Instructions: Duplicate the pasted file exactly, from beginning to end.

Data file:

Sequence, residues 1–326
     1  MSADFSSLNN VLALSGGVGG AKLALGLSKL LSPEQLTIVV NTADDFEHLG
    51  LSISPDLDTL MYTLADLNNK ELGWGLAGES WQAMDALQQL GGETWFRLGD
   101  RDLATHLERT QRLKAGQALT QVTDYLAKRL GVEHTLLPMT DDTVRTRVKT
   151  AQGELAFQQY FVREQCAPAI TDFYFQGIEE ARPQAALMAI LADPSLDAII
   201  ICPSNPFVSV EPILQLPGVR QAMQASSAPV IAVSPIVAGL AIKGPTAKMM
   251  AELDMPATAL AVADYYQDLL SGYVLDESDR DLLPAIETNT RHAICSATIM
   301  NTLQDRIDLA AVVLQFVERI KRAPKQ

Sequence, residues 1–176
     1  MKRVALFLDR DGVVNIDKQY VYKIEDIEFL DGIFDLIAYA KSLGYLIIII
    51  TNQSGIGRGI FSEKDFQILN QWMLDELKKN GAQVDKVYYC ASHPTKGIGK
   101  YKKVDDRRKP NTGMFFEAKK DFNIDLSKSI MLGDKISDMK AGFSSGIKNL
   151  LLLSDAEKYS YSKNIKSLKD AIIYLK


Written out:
Sequence, residues 1–326
     1  MSADFSSLNN VLALSGGVGG AKLALGLSKL LSPEQLTIVV NTADDFEHLG
    51  LSISPDLDTL MYTLADLNNK ELGWGLAGES WQAMDALQQL GGETWFRLGD
   101  RDLATHLERT QRLKAGQALT QVTDYLAKRL GVEHTLLPMT DDTVRTRVKT
   151  AQGELAFQQY FVREQCAPAI TDFYFQGIEE ARPQAALMAI LADPSLDAII
   201  ICPSNPFVSV EPILQLPGVR QAMQASSAPV IAVSPIVAGL AIKGPTAKMM
   251  AELDMPATAL AVADYYQDLL SGYVLDESDR DLLPAIETNT RHAICSATIM
   301  NTLQDRIDLA AVVLQFVERI KRAPKQ

Sequence, residues 1–176
     1  MKRVALFLDR DGVVNIDKQY VYKIEDIEFL DGIFDLIAYA KSLGYLIIII
    51  TNQSGIGRGI FSEKDFQILN QWMLDELKKN GAQVDKVYYC ASHPTKGIGK
   101  YKKVDDRRKP NTGMFFEAKK DFNIDLSKSI MLGDKISDMK AGFSSGIKNL
   151  LLLSDAEKYS YSKNIKSLKD AIIYLK